Among the sights and sounds captured during the road trip were a traffic-stopping, right-wing protest, the color of the sky at different times of day and a lengthy pitstop at Urban South Brewery in New Orleans. 

The whole trip was documented on film by a film crew, under the direction of Lewis Rapkin, and distilled down into an 11-minute video which has been posted on Oscillator Media’s YouTube page. 

Although there was no way to predict how the writing experiment would turn out, Goodwin said that he thought the end result was successful and noted that the car became a character, which helped to give the story a continuing narrative which isn’t always the case with other AI-generated fiction.

Goodwin remarked that he thought there might be the ‘possibility that there would be an arc, that it would feel like a novel,’ which he thought happened in the end.

‘Aspects of it feel like a novel,’ he told The Atlantic of 1 the Road, while also noting that it was ‘exhilarating’ that his experiment has helped solve ‘a small part of the problem’ faced by those working on natural-language generation.    

In the documentary video, Goodwin noted that the AI that he has created is ‘not quite human level, this is more like an insect brain that’s learned how to write.’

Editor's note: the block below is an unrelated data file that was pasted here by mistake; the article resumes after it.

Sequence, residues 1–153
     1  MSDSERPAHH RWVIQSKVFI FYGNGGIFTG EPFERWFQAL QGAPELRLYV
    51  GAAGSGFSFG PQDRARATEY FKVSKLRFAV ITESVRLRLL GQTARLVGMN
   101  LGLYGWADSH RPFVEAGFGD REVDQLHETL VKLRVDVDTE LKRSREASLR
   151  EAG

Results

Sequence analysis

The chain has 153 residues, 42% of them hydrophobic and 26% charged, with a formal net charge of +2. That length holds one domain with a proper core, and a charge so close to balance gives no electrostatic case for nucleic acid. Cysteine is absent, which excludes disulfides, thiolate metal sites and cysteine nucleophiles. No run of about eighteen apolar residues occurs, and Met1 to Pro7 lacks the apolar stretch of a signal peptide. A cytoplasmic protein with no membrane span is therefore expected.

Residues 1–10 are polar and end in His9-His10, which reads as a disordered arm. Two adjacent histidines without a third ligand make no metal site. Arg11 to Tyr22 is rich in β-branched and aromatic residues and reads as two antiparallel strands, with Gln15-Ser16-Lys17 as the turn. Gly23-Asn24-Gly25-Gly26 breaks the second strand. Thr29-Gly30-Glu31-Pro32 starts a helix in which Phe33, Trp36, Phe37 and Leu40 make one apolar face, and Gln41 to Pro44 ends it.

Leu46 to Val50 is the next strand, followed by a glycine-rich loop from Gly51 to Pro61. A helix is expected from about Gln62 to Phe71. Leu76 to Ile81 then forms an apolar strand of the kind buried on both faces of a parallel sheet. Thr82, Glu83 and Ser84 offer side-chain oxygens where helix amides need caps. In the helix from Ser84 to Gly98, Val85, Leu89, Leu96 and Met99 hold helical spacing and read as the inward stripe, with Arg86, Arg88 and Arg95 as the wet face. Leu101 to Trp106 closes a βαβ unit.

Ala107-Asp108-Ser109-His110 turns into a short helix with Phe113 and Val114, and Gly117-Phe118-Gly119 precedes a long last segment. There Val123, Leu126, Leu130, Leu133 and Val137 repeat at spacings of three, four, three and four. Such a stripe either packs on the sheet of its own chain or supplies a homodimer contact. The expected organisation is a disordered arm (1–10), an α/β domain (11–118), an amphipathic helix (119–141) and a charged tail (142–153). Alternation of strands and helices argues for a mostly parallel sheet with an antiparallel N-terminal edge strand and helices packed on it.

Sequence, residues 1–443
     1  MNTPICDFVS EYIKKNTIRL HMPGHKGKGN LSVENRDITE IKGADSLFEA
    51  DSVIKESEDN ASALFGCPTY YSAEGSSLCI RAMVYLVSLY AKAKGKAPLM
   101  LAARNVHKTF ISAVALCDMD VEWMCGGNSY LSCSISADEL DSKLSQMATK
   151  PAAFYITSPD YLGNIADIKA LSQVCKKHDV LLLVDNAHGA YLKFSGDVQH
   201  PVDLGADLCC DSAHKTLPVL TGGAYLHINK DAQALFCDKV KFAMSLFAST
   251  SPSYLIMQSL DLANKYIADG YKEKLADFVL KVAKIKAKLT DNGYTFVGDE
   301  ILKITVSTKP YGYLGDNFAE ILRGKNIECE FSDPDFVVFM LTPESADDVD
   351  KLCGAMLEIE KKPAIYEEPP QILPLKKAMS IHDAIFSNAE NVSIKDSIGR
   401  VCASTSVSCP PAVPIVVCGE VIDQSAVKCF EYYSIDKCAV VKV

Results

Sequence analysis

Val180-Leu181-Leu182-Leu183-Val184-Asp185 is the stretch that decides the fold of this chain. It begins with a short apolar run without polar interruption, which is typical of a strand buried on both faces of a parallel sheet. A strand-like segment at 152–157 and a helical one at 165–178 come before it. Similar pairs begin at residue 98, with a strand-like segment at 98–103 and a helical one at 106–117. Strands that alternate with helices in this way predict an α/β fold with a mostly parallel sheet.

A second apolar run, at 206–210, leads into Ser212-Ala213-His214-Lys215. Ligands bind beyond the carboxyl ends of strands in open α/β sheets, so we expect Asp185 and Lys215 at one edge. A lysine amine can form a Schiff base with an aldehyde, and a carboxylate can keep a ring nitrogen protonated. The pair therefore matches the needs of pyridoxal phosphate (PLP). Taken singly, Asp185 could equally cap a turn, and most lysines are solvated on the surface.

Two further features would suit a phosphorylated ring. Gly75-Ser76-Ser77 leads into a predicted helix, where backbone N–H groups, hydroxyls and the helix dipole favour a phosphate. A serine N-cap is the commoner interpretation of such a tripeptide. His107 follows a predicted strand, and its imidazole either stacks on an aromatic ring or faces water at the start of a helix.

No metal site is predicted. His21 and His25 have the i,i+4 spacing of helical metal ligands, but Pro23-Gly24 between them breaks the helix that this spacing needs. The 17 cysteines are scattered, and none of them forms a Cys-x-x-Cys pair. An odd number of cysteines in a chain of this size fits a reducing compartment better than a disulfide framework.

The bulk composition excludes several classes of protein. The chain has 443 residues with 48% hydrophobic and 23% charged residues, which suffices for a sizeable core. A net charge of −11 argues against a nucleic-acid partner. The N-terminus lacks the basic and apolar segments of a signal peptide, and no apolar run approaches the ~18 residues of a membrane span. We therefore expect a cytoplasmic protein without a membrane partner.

He went on to describe it as being ‘a machine that when it starts learning it’s just spitting out random messes of letters and spaces and punctuation. No words are even in there. This is a machine that learns by looking at books that humans have written, what words are, what grammar is and how to put together ideas of sensical sounding sentences.’      

Excerpts from 1 The Road 

09:53:46 — ‘It was seven minutes to ten o’clock in the morning, and it was the only good thing that had happened.’

09:54:23 — ‘What is it? the painter asked.’ 

20:48:20 — ‘The sky is dark and the sky is almost streaked with green and the sky stands almost to the surface. The sun is streaked with black sun. A shadow on the ground fell to the floor. The conversation was unseemly when the door opened and the large button was still still.’

12:01:25 — ‘The sky is blue on the floor, which is no longer an old picture of a womens master or a child in an apartment at the lowest street.’ 

12:08:33 — ‘Red brick walls were racked, as the stations were rawing. A small window on the wall was covered with bloody red clouds, and a flash of black radiation in the sun.’

13:42:28 — ‘The time was one forty-two in the afternoon. The street lamps were already closed, and the stone was still still and thick and the floor was still starting up.’

01:33:42 — ‘Red and white flags and the stars were like a curtain of paper like a broad stream of flowers.’

13:40:16 — ‘Hard Rock Hotel & Casino Biloxi: a hotel in Biloxie, a high fisherman with a starry face, and a stub of a coat on his face and his shirt looking boldly across his mouth.’

 -From 1 the Road, by Writer of writer Ross Goodwin